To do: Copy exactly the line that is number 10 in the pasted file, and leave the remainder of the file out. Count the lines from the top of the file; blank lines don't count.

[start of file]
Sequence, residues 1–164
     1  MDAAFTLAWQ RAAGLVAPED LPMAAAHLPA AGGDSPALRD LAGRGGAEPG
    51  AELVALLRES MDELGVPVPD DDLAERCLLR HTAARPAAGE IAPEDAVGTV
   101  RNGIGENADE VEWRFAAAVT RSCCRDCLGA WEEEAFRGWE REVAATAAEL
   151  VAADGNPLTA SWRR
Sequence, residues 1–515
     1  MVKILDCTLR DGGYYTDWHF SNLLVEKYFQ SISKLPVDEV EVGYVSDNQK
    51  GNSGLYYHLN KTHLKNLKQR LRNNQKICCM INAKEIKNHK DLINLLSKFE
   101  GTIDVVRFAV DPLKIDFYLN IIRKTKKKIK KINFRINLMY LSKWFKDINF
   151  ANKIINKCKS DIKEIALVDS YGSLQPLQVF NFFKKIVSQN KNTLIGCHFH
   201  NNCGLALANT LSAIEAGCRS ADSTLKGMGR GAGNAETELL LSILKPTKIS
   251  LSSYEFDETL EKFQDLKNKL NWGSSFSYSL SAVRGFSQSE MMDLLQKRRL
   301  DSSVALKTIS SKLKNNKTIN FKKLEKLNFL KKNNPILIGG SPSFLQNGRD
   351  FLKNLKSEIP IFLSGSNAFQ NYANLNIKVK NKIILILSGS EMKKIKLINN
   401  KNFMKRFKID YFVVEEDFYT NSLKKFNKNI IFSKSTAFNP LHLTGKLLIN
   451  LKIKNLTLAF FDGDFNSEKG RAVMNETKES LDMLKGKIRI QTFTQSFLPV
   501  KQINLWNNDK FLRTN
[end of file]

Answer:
   151  ANKIINKCKS DIKEIALVDS YGSLQPLQVF NFFKKIVSQN KNTLIGCHFH